It’s been a fantastic way to reconnect with some of the people who were engaged with the hobby back in the day – such as Paul Cockburn [editor of Imagine magazine] and Tim Olsen [manager of Games Workshop’s Hammersmith store], but the most rewarding element is making connections with people around the country, and the world, who had similar experiences to us with the world of gaming. There’s a community that has built around the podcast; people are rediscovering the hobby, sharing their experiences and, perhaps more importantly, playing the games again. I started talking about vintage gaming on Twitter around the same time that Daily Dwarf started posting images from when the magazine featured RPGs. We struck up a dialogue and he agreed to submit to the podcast. His wonderfully witty and detailed examinations of the coverage in the magazine are the highlight of the month when they land in the in-box. I like how the internet has diversified the hobby with games to satisfy all tastes, covering every genre and style you can imagine. I don’t understand the hostility I see sometimes on forums; who has the right to determine the ‘right way to play’? Be nice. Be inclusive. It’s meant to be fun for everyone.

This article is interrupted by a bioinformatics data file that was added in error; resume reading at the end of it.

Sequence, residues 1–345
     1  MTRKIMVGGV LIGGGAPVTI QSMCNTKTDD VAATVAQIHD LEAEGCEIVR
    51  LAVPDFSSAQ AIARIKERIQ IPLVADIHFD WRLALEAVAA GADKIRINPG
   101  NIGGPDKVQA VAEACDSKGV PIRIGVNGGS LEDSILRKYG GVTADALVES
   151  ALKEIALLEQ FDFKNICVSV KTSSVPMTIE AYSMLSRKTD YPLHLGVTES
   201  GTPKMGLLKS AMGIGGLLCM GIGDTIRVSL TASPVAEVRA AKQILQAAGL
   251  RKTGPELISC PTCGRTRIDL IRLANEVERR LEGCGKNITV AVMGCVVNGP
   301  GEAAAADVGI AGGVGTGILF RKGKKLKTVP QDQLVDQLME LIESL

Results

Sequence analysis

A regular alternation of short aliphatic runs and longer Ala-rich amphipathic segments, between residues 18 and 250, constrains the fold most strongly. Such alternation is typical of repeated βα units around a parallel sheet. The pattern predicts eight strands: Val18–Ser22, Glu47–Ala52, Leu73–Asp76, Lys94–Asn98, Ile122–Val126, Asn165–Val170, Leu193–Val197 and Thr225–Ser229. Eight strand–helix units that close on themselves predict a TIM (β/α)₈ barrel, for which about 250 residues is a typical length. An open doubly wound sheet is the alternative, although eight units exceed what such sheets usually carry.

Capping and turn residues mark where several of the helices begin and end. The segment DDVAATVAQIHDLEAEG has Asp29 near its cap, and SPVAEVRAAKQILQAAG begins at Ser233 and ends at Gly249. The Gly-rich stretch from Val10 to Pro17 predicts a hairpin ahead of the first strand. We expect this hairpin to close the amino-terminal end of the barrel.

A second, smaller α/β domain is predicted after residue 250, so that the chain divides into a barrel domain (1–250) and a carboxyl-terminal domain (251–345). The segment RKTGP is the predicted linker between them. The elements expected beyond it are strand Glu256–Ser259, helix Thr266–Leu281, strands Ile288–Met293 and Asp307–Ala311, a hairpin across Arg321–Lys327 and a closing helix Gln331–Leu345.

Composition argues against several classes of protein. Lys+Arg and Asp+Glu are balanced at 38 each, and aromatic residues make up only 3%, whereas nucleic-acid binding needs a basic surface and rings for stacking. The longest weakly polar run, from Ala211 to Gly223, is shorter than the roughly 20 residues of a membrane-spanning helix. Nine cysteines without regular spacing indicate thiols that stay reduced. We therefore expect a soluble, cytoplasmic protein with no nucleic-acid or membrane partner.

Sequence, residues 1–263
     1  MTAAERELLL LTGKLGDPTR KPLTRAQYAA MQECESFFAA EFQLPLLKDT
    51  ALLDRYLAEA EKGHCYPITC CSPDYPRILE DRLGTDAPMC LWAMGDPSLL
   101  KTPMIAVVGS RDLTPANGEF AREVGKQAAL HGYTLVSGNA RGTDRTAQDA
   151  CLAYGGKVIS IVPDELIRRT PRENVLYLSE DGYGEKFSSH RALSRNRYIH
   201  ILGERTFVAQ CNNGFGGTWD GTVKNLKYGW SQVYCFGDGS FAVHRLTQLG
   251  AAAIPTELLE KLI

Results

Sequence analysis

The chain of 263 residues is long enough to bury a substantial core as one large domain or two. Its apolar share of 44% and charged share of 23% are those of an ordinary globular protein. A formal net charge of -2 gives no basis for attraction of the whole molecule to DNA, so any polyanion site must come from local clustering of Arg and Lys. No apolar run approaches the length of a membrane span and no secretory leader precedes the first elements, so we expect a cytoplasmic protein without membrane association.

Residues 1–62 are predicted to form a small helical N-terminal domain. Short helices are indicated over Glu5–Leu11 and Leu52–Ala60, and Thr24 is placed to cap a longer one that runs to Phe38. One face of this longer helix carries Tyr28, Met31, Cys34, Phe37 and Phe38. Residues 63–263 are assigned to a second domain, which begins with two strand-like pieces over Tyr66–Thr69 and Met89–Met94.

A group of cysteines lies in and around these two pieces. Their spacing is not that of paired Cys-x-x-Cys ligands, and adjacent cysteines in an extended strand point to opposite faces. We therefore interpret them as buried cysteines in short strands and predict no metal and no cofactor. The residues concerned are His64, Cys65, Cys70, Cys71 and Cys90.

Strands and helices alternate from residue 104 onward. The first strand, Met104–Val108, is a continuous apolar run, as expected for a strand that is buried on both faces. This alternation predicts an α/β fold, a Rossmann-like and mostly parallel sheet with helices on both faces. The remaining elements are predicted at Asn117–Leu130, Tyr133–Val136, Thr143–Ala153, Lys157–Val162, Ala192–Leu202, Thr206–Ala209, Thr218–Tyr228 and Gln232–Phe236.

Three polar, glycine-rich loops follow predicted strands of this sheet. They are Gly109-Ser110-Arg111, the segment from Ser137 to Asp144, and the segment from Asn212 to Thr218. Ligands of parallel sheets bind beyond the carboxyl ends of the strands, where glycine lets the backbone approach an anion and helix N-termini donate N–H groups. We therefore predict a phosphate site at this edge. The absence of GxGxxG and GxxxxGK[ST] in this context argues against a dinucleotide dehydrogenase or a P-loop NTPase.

What else has developed from the podcast?
Every November we have the GROGMEET in Manchester – a small convention kindly hosted by Fan Boy Three, with over twenty-five games on offer from the early days of role-playing right up until the present day. In April we run a similar event online; playing games this way has given our participation in the hobby a new lease of life. There’s also the blog at www.thegrognardfiles.com.
What can we expect this year from the podcast?
Along with Ed, we’re looking at some of the films and TV programmes that influenced us back in the day, against the background of political and popular culture changes. We’ve just released a GROGGLEBOX podcast about Robin of Sherwood and we have another coming soon about Blake’s Seven.
Listeners can contribute to Patreon - what are the rewards?
Having the crowd-sourced ‘tips’ from listeners has been a great help as it’s covered production costs and allowed us to fund other projects like GROGMEET. We produce an annual fanzine as a gift to Patreons around the world, in the style of the ‘zines we used to enjoy, which includes the Daily Dwarf essays and an exclusive cover produced by Russ Nicolson.
This feature was designed to highlight one of our favourite podcasts each issue, are there any shows that you’d like to recommend to the readers?
There’s a wonderful catalogue of podcasts from Mr Jim Moon under the Hypnogoria stable that are detailed examinations of the strange and wonderful. When it comes to gaming, the UK has some really great RPG podcasts, including What Would the Smart Party Do? which has conversation and interviews about major gaming topics. Good Friends of Jackson Elias is a great podcast about horror gaming and horror films.
THE GROGNARD FILES can be found on Spotify and iTunes. For more information on the show, visit WWW.THEGROGNARDFILES.COM
[This article was originally published in STARBURST #460, May 2019. For that back issue and others, visit www.starburstmagazine.com/store]